So I’d love to write another version of “The Blood Room” to tell y’all everything that happened with my sister’s second homebirth, but frankly, even after being back for a week, I’m too exhausted, so I’ll just hit the high notes.
(Speaking of which, MAN I wish I’d been high…)
The labor and delivery, as I mentioned in my last post, lasted an inconTHIEVable 33 hours — and here’s where I mention I don’t do well without sleep. My nightly psych meds knock me the fuck out for at least four hours, so choosing when to gulp ’em down is a serious internal debate: take the meds and go comatose, or skip the meds and go batshit?
Sometimes the choice is easy: my last all-nighter was a shoot at the Long Beach docks, where you have to be awake because… well, because it’s your fucking job, Ms. TV Hotshot. Besides, batshit is pretty much de rigueur on the set, so no big. But this was ten billion times more important than any job, because my sister needed my help, and batshit was Not An Option. So I took my meds at 6 p.m. (when she was in Early Labor) and slept ’til 10 p.m. (when she was still in Early Labor) — a short respite before staying awake all night.
If you can, picture Ben Stein saying, “Yay.”
Not that I, y’know, necessarily helped my sister all that much; there’s only so much you can do when it’s not your vagina the Alien Baby is crawling out of. However (here, preset your mouth in a big round “O” so you don’t strain something when you read the rest of this sentence) I am an extremely good emotional helper when called upon. No, I mean it. I am.
Having lived in Hollywood for so long, I may not have any emotions left myself, but I’ve learned how to fake it really well.
For example, at 3 a.m., when Gigantosister was sitting naked on the floor of her shower, using up the last dregs of warm water remaining in the water heater and chanting, “Thissucksthissucksthissucksthissucks” every four minutes – I was actually able to make her laugh by recalling some of our fond childhood memories.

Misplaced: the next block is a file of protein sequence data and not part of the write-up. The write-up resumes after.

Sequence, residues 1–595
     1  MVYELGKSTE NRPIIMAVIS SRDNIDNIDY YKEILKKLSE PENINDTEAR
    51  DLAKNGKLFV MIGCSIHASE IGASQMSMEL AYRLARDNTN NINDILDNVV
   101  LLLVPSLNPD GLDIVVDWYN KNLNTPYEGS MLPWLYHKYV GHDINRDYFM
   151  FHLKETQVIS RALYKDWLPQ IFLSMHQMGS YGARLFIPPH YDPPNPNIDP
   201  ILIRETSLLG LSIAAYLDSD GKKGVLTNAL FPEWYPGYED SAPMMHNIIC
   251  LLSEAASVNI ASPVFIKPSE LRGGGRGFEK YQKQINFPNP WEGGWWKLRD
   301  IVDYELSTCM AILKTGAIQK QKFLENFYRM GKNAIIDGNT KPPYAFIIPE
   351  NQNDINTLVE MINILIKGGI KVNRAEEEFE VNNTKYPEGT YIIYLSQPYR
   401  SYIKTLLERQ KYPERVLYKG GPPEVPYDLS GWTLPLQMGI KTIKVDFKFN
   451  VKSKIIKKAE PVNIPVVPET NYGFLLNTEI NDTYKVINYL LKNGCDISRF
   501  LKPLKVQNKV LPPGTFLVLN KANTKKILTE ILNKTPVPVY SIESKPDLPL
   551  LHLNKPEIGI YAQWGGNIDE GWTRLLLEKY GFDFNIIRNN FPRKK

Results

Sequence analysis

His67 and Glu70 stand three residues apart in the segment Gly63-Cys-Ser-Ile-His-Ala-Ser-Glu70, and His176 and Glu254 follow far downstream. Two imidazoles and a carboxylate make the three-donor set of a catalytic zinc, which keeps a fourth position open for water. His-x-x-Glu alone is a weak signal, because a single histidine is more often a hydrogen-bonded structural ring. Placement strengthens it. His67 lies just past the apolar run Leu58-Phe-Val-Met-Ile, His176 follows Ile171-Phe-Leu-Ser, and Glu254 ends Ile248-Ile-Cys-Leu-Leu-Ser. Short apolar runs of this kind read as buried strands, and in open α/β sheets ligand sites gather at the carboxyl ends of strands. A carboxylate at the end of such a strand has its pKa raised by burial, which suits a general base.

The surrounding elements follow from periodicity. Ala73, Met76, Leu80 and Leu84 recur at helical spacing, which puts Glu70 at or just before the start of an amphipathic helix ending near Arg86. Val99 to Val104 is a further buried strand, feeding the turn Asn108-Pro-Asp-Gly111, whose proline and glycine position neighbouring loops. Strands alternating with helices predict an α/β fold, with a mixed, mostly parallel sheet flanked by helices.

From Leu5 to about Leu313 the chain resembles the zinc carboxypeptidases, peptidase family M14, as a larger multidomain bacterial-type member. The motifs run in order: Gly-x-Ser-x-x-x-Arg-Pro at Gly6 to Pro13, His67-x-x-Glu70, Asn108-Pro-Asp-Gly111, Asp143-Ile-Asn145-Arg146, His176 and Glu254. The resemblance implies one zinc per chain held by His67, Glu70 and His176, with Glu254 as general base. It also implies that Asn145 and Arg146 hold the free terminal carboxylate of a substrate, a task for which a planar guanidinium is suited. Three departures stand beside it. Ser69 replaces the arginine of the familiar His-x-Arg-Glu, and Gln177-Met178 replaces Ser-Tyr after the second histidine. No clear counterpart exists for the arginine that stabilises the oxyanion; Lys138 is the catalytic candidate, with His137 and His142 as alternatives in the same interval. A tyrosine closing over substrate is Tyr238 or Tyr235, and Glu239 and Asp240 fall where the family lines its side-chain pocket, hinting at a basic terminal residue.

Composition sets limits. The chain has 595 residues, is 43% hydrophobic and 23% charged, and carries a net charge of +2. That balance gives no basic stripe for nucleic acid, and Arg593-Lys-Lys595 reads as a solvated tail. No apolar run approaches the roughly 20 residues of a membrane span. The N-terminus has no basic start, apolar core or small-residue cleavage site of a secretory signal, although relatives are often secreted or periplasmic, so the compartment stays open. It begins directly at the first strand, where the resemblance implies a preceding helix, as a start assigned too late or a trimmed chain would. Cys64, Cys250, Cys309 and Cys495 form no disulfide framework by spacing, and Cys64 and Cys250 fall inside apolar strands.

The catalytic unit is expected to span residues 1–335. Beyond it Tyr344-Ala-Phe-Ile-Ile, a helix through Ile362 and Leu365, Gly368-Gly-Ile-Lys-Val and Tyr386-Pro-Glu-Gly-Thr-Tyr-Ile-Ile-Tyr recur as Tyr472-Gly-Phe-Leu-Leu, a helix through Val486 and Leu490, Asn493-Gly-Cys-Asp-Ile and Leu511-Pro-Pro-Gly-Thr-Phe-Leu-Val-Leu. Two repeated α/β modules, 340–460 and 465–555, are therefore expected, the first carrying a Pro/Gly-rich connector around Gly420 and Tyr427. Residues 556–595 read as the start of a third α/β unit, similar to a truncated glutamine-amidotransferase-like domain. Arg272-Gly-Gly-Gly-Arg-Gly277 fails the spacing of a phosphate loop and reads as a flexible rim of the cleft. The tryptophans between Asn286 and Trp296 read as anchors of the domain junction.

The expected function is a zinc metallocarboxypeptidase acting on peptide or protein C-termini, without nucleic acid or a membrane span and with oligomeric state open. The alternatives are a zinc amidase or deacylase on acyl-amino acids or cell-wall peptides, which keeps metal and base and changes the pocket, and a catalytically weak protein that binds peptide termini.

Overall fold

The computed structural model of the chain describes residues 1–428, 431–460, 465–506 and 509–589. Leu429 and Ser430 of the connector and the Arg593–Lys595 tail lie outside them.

I don’t remember what those memories were exactly, but to tell the truth, I don’t remember much about our childhood, except my hair turning green every summer from the YMCA pool, and making my sister smoke a cigarette when she was 9.
That’s what passes for “fond” in our family.
Anyway, whatever I said made Gigantosister laugh, which distracted her for approximately 12 seconds out of 33 hours, so I figured: job well done.
And before I go on, please allow me to explain to some of you – especially to those women who’ve already had children, or who are currently carrying Alien Babies in their uteri, or who’ve just managed to expel an Alien Baby and are feeling sensitive about their weight – the innocuous etymology of “Gigantosister”:
When not pregnant, my sister doesn’t weigh 100 lbs.
I don’t mean she weighs more than 100 lbs. — I mean she would probably have to carry Peter Dinklage on her back to nudge that scale over 100.
She is one skinny-ass bitch.
Like, rail-thin, supermodel-thin, designers-would-fight-over-her-to-use-her-on-the-runway-thin. To be precise, my sister and I weigh the exact same amount – but only when she’s 9 months pregnant. The anorexic whore.